Karim Abouzeid left his accounting job in July 2013 with the firm intention to take over a business sooner or later. He had in mind the purchase of a small or medium-sized manufacturing company, located at most three hours from Montreal. The research lasted two years.
In the firm where he worked as an auditor, there was a merger and acquisition division that fascinated him. He wanted to know more to better prepare himself.
He goes to work at Benilec to understand how a manufacturing company works. He will be the chief financial officer where he will see the workings of the organization. Even if the leaders intended to sell eventually, Karim Abouzeid knew that the bite would be too big for a first acquisition.
“I searched in the manufacturing sector. I visited 81 companies, met a lot of intermediaries, financiers and bankers, touts, but nothing seemed to work, “he recalls. Some solicitors and bankers even found him too young to embark on this adventure, he who was in his early thirties.
“I had to learn to sell myself as a buyer,” he says. Yet the statistics were in his favor, he dares, highlighting a study of the Regroupement of Young Chambers of Commerce in Quebec: nearly 75% of Quebec entrepreneurs plan to sell their businesses within five years. However, the study also notes that 60% of the next generation believes that there is a shortage of businesses to sell while 70% of executives believe there is a shortage of buyers.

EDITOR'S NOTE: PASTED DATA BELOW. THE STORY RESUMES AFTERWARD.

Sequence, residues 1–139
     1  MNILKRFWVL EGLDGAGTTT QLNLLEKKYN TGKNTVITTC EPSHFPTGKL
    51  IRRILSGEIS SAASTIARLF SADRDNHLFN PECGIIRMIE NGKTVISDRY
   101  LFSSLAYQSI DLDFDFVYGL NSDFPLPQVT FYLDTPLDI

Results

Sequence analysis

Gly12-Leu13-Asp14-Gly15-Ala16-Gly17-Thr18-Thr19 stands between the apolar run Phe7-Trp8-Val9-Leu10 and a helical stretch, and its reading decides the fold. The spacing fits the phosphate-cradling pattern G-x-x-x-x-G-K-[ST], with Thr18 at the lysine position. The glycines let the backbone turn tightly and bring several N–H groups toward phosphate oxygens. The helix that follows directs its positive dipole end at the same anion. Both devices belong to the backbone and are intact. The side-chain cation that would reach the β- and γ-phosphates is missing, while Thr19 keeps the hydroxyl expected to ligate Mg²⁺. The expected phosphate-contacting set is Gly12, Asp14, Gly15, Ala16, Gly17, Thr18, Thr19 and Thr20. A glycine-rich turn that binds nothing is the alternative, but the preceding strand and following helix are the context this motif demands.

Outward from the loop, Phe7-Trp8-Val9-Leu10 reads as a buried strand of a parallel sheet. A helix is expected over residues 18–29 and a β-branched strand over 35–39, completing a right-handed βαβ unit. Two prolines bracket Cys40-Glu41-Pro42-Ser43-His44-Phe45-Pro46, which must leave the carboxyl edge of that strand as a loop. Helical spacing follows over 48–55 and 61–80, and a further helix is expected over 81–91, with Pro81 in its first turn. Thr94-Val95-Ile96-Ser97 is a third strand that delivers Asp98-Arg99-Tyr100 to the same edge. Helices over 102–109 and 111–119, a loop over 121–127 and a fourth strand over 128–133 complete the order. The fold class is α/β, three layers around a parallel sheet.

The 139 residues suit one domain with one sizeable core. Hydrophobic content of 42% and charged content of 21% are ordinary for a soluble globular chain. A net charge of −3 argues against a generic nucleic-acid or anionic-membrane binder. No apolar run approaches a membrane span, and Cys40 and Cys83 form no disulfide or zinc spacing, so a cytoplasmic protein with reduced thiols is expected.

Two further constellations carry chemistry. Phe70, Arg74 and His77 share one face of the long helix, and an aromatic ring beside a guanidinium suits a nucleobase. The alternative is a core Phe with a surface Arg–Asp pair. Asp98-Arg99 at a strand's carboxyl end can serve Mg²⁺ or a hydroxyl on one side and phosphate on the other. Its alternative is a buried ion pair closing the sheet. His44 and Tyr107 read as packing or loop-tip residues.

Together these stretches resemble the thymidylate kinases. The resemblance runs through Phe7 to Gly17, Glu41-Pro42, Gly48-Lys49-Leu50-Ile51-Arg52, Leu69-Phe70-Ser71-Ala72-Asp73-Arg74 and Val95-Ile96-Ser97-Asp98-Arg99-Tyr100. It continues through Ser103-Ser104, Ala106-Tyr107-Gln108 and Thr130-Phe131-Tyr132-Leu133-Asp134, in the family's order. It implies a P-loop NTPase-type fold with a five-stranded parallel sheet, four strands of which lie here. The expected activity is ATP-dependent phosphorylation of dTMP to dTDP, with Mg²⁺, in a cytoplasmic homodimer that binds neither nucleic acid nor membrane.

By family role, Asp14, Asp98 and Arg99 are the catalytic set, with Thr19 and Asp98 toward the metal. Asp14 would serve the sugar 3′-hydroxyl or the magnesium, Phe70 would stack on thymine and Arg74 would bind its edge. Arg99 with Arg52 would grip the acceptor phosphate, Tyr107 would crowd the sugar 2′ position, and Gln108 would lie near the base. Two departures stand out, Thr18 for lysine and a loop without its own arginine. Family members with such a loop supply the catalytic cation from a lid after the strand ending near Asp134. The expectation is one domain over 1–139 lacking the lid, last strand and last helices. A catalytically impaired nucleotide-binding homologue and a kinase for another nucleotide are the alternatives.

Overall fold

Yet, despite the pitfalls, after research in entrepreneur networks, after all possible networking, the opportunity comes in a series of circumstances. A friend is in the YPO business group, he knows Denis Pichet, owner of Magnus. He is looking to sell his Magnor division specializing in the manufacture of equipment for water treatment.
The former owner becomes a minority shareholder. But Karim Abouzeid can count on a pearl in the company, a key person, André Janelle, who knows everything about the operation. Despite being close to retirement, he chose to continue to ensure a smooth transition that will last two years. The buyer takes the reins, knowing that the former owner is still there to advise him, while remaining a customer of his former business division which still houses in the same building.
The transition is made. André Janelle is still in office. “It was worth it to work without pay to find Magnor and finally embark on the recovery of the company,” admits the young businessman, who is very successful and accumulates contracts.
For him, taking over a business is worth it, even though his first year has proved complex. It’s easier than starting a business from scratch. In his opinion, too many sellers are looking for buyers in the environment they know when they do not want to give in to their competitors.
The trick for the buyer to fly, he believes, is to file a written offer and funded equivalent to 80% or 100% of the value of the company. The seller will take it seriously.